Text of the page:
remembering those foreign lands, I want to set out for them.

Someday in Athens: The 4 Levels of Existence then and now

The band

Mid-1970s, Greece. Following the fall of the military junta, amid difficult circumstances that were however marked by widespread creativity and -hitherto suppressed- artistic activity, a rock band was beginning to take shape through lengthy jams inside improvised music studios somewhere in the western suburbs of Athens. Its name? The 4 Levels of Existence.

The 4 Levels of Existence – top to bottom: Athanasios Alatas, Christos Vlachakis, Marinos Yamalakis, Nikos Grapsas / photo by Vassilis Asimakopoulos

The band’s initial line-up consisted of ex-Frog’s Eye members Athanasios Alatas (rhythm guitar) and Christos Vlachakis (drums), together with Marinos Yamalakis (bass – vocals) and Nikos Dounavis (lead guitar). The group started rehearsing and making live appearances  (mostly in local cinemas as was customary for Greek bands at the time), eventually managing to win third place in a music contest organized by the National Radio and Television Foundation (EIRT) in 1975.

After having Dounavis replaced by Nikos Grapsas (lead guitar – vocals), the band was asked to make an album for Venus Records, a small record label specialized -oddly enough- in Greek folk and popular music. It was, nevertheless, a unique opportunity and the band didn’t miss it: On 5 and 6 January 1976 at the legendary Columbia Studios in Athens, their first -and only- album was recorded. Within just 10 (!) hours in total, the recording was ready after two short sessions: first all instrumental tracks were laid, then the vocals were added.

The album

Although born under such tight time constraints and adverse circumstances (there was essentially no producer or sound engineer), the band’s self-tiled debut album was nevertheless an extraordinary achievement : A guitar-based blend of psychedelia, folk and hard rock that also featured Greek lyrics – something unusual for a rock band at the time.

A highly original mix of diverse elements, the record manages to convey a considerably wide spectrum, both musically and emotionally – from teenage aggression and heavy guitar riffs (“Metamorphic”) to controlled emotional outbursts (“The Fool’s Trumpet”) and melodic passages that exude a nostalgic feeling of youthful melancholy and lyricism (“Untitled”, “Disappointment”).

The album’s original 1976 vinyl release – the cover art was created by Athanasios Alatas, initially conceived for Frog’s Eye

Shortly after the album’s release, the band was dissolved. However, their sole recording would follow its own incredible course, becoming a highly sought-after item among record collectors and considered one of the rarest Greek rock discs ever. Moreover, in an amazing turn of events, US rappers Kanye West and Jay-Z used Alata’s guitar riff from “Someday in Athens” as a sample for their hit song “Run this Town”, which would be sung by Rihanna and win two Grammy Awards in 2010.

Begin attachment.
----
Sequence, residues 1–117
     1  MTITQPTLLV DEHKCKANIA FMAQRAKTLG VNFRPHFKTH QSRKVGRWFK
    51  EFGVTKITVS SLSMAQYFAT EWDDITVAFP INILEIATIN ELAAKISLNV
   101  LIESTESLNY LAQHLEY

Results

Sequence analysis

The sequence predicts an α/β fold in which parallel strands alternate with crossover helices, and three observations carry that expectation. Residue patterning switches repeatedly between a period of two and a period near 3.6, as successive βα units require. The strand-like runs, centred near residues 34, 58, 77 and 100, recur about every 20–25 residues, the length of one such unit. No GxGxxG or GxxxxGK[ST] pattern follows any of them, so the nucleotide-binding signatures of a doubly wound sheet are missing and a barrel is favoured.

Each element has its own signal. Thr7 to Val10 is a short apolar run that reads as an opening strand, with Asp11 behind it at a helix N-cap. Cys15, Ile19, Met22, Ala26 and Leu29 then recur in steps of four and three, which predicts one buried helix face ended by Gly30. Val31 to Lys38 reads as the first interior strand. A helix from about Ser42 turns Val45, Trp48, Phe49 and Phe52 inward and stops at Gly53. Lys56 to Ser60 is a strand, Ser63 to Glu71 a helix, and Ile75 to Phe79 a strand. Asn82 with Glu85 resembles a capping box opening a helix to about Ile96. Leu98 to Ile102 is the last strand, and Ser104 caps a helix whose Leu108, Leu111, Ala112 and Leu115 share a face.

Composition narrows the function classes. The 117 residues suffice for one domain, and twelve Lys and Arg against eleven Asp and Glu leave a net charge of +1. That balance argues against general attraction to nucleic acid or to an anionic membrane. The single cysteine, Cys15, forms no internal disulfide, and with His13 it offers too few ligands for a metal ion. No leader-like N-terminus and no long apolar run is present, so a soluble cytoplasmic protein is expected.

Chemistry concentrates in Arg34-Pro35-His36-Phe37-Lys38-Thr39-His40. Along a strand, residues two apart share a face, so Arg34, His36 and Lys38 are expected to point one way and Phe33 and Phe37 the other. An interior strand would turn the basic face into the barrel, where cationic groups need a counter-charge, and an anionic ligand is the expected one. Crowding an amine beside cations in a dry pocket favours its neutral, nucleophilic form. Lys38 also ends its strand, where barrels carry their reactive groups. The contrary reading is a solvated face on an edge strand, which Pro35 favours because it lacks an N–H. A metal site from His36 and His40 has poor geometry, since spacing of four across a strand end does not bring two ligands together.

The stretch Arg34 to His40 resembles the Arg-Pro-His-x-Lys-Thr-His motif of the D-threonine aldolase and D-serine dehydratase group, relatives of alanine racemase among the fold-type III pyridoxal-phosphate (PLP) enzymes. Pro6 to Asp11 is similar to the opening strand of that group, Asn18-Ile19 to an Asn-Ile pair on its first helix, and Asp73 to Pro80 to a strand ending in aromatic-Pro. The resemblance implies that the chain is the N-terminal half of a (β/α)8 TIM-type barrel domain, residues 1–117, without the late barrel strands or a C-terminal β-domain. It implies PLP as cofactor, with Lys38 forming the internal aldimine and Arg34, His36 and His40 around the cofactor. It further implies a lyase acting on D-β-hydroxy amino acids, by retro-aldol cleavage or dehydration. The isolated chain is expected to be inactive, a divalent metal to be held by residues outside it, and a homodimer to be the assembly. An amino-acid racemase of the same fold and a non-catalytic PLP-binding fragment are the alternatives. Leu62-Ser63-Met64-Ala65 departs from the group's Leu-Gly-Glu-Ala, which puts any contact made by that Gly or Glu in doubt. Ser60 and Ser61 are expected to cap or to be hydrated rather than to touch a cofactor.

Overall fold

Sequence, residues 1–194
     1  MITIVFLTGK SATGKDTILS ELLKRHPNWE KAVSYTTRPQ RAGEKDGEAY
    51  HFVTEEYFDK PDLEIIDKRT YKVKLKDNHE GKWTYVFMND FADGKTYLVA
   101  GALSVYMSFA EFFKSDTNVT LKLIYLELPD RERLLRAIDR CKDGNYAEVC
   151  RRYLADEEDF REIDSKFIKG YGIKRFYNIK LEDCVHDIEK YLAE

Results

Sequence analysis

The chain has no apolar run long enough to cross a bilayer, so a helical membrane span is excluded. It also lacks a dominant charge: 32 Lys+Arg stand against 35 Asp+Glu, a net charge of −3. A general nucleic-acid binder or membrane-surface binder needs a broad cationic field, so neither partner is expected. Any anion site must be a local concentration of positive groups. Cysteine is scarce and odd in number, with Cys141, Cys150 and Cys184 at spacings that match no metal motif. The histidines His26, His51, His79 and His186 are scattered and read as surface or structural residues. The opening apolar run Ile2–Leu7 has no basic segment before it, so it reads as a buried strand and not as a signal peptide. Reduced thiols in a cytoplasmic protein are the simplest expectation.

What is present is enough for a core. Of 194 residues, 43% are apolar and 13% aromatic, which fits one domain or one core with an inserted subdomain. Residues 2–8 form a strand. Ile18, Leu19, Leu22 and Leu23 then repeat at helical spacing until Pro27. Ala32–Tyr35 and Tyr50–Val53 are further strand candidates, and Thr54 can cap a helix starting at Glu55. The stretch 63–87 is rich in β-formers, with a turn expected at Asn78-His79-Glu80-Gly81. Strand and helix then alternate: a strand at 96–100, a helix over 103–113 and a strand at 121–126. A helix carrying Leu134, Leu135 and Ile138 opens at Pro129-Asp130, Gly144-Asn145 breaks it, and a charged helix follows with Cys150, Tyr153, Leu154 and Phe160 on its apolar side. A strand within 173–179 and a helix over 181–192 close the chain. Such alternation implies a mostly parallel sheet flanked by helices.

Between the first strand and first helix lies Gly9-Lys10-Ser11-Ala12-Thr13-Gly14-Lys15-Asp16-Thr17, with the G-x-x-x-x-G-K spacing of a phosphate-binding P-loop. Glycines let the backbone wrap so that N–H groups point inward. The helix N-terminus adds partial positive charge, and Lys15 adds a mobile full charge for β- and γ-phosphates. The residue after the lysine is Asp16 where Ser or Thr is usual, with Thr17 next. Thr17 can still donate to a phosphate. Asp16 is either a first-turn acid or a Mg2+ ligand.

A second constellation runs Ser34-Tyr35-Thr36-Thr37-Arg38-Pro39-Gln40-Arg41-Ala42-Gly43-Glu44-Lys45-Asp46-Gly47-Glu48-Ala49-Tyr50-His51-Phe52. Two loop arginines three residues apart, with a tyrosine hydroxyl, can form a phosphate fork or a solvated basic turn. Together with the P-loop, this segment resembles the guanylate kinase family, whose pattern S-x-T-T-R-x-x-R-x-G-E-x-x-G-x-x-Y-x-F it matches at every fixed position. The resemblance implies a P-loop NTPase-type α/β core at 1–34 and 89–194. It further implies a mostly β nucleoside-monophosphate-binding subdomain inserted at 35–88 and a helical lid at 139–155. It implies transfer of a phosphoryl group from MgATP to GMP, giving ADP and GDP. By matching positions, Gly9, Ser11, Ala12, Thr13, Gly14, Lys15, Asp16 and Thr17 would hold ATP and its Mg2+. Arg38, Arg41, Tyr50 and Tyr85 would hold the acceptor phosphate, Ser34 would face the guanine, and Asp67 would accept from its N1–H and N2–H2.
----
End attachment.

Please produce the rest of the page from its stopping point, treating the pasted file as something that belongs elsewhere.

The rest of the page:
Following subsequent releases in both vinyl and CD format, the 4 Levels of Existence album was recently re-released in beautiful 180gr vinyl by Anazitisi Records, a small independent label that specializes in psychedelic/progressive/blues/jazz/rock records from the 1960s and 1970s.

The movie

Just as the band’s music resurfaces once more, becoming available for a new generation of listeners, the story behind the 4 Levels of Existence has been just made into a film documentary. Directed by Iliana Danezi, the film will be having its première next week at the 21st Thessaloniki Documentary Festival.

While offering an overview of the band’s history, the film traces the surviving band members (Alatas, Vlachakis and Grapsas) and depicts them in their current whereabouts, painting their individual portraits and highlighting the development of their distinct personalities. What is more, the three musicians are seen together again some -special- day in Athens, chatting, strolling around old hangouts, and jamming for the first time in a very long time…

The band’s surviving members in 2018, during the shooting of the documentary (left to right: Nikos Grapsas, Athanasios Alatas, Christos Vlachakis)

In the end, the band’s story can also be seen as a reflection on changing times and the things that matter most as time flies by: the common aspirations and dreams of youth, the power of friendship, the sense of group solidarity and identity, the fulfillment brought by artistic expression, the feeling that not everything has been futile or wasted…

In the words of the band’s guitarist Athanasios Alatas: “[Our] record is dedicated to all the bands that played in West Attica at the time. All those who didn’t get a chance to record, who broke up, etc. All those who did their best back then, to fulfill their life and dreams through music.”

 

Underwater checkMAtE: electronic sounds from Thessaloniki

Edgy meetings

Originally formed in 2011 by Adam Siagas (live electronics) and Thomas Kostoulas (drums), M.A.t.E [Meetings Along the Edge] have been established as one of the foremost electronic ensembles originating from Thessaloniki, Greece’s second largest city and a historically vibrant musical  and cultural hub.

M.A.t.E’s line-up took its definitive form when vocalist Maria-Elisavet Kotini joined the band during the recording of their self-titled debut. A follow-up album called Transitions was released In March 2016. As already signified by the band’s name, their music represents a meeting point of several diverse influences, styles and genres, ranging from drum’n’bass and dubstep to trip hop and electronica.

An eclectic and sonically rich album, Transitions stands at the crossroads between analog and digital, acoustic and electronic, while also balancing between Western tech frenzy and Eastern meditative sounds (see, for example, the Indian influences in Surya).